Charles tucked the box under his arm and stood. The wood felt heavy against his side, cold and crisp with something not quite ethereal but not quite corporeal either. He carried it all the way back to his lodgings− a dirt−infested track through the halls of Brideshead. He winced every time he felt the dirt slip from his pants and onto the marbeled floor.

When he had come to fetch the box, the walk through the halls was empty and undisturbed. Now, box clutched tight to his chest like a frightened, wandering schoolboy might clutch his volumes of musty text, he could hear every noise that the house made. Its occupants slept with whistling breaths and incurably loud heartbeats. It took his footsteps, already made substantial by the thick soles of his army boots, and sent them parading as gunshots down the corridors; in the sanctity of the Brideshead halls he sounded more like an intruder than a visitor.

He reached his room a shaking, storm−carried man, each step swaying in directions that he was unable to right. He had to fumble for the light switch; the wallpaper under his fingers was curled and rough, the flower of their patterns wilted, when he found the cold bronze of the switch waiting for him, as it had been, by the door. Charles turned on the light, and it filled the room with a thin yellow glow, wan and stretched flat like sickle−cut wheat.

He shut the door behind him and sat down on his bed, held the box out in front of him. Mahogany wood, deep and dark; earth clung to it in some places, but patches of the wood stood out in others. To his long−deprived senses it glowed with a faint holy−water hue, a paradisiac shine, and smelt of forest trees and citric polish, smoothed down by other hands, by other faces, by other impish, youthful, memory−harmonized grins…

Then, with one sharp breath like a cat stepping onto a piano key, Charles opened the box.

Inside the corpses of six shriveled marigolds curled up like stillborn children in their wooden womb. Their heads were shrunken, lopsided, deformed tufts of yellow hair hiding deformed lines of yellow faces. Their stems, colorless as calcite, tugged broken knees into bent chests and never straightened themselves out again.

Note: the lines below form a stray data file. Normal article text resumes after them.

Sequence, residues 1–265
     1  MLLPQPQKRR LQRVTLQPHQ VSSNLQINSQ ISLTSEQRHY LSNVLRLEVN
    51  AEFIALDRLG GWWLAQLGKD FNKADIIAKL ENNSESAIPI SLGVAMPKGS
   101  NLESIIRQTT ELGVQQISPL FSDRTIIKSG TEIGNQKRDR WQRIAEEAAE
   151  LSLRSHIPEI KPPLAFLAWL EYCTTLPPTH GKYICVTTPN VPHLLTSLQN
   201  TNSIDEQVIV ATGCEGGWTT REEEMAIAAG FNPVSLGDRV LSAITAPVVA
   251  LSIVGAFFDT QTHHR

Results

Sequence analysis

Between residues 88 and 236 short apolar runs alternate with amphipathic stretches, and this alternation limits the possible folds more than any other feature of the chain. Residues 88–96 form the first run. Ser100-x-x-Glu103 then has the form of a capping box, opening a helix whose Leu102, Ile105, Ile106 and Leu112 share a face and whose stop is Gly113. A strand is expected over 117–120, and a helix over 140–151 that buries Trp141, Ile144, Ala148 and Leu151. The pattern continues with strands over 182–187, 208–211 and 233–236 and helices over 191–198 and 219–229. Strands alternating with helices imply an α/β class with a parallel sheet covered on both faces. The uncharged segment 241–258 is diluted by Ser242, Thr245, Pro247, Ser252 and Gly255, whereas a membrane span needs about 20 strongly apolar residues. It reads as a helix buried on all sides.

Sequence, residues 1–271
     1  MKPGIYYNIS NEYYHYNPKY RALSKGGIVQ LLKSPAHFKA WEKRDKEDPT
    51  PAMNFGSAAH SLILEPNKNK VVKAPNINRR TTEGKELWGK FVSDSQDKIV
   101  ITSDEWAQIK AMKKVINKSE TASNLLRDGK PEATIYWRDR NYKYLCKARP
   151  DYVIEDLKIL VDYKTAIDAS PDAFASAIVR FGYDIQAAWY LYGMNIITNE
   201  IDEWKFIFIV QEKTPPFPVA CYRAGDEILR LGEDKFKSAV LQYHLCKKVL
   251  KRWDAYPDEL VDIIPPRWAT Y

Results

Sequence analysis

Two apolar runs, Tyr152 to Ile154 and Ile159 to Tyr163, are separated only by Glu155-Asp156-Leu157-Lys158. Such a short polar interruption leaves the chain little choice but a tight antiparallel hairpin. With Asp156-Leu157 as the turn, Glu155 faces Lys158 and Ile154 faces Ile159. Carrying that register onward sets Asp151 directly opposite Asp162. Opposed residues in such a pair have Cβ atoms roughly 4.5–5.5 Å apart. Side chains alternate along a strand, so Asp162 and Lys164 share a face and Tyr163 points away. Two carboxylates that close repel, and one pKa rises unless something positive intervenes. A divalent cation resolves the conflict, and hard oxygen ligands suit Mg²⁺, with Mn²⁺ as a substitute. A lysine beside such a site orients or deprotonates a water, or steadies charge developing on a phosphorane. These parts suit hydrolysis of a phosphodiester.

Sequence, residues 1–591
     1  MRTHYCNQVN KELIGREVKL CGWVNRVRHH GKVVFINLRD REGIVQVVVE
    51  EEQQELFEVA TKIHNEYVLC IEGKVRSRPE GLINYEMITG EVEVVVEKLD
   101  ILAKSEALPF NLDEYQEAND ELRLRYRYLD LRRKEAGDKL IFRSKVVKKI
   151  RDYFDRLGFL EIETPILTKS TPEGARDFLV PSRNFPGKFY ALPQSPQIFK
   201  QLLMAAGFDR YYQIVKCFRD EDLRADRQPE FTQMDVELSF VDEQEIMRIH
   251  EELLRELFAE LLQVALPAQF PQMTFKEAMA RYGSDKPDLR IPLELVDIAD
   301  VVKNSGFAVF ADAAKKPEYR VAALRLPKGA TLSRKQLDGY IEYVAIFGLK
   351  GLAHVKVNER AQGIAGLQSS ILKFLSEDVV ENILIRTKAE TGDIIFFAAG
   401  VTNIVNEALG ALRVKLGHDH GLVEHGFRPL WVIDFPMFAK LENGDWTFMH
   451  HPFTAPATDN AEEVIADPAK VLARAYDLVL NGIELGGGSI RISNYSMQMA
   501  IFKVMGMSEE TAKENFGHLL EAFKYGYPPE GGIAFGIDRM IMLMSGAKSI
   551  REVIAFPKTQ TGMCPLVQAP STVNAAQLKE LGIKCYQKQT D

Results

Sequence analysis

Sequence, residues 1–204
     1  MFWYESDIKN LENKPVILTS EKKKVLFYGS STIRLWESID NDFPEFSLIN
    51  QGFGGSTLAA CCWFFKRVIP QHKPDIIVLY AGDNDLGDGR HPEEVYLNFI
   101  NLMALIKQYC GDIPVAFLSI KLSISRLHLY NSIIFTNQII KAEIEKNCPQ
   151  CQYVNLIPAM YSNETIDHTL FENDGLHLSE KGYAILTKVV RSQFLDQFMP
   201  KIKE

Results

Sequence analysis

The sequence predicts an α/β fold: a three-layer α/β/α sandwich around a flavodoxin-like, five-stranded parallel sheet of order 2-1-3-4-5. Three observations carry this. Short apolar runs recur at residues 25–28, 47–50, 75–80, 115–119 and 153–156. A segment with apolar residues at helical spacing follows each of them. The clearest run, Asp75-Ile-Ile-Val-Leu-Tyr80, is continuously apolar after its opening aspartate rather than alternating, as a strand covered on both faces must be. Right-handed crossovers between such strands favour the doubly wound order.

No longer did the flowers breathe; they had been declared corpses the moment they were shut into the box.

But Charles chose to ignore them. Next to the dead marigolds a piece of paper lay unfolding. It was too thick to have been folded up properly to begin with, he mused, because its edges had sprung outwards when the box opened, as though it had been cramped for far too long and was now struggling to get a good view of the world once more. He unfolded it all the way, yellowed side by yellowed side, until a piece of paper torn, no doubt in his mind, from one of his packed−away sketchbooks rested wrinkled and open on his knees.

The paper under his hands felt like he had bumped straight into nostalgia− the handwriting flourished and flounced, thick, sprawling letters all etched with abandonment. Even the medium by which it had been written declared itself akin to a sort of distant, desperate childhood; a crayon, deep red like sunsets and sin, portrayed the message in caked, cracked letters.

To any of you who might think this an unsubstantial thing, I apologize. Unfortunately, it seemed rather difficult to purchase a crock filled only with gold, so I decided that I must make myself a box of marigolds instead. I wasn't going to bury this at all, because it's not nearly as splendid as I would like it to be, but Aloysius insisted that I had to. I wanted to bury a bottle of wine here, but I'm afraid it was rather hot today and in this miserable weather I seemed to have drunk every last bit of it.

Charles, if you find this, your drawing paper is immensely enjoyable to write on. Next time you come to visit, you wouldn't mind bringing a basket full of strawberries, would you?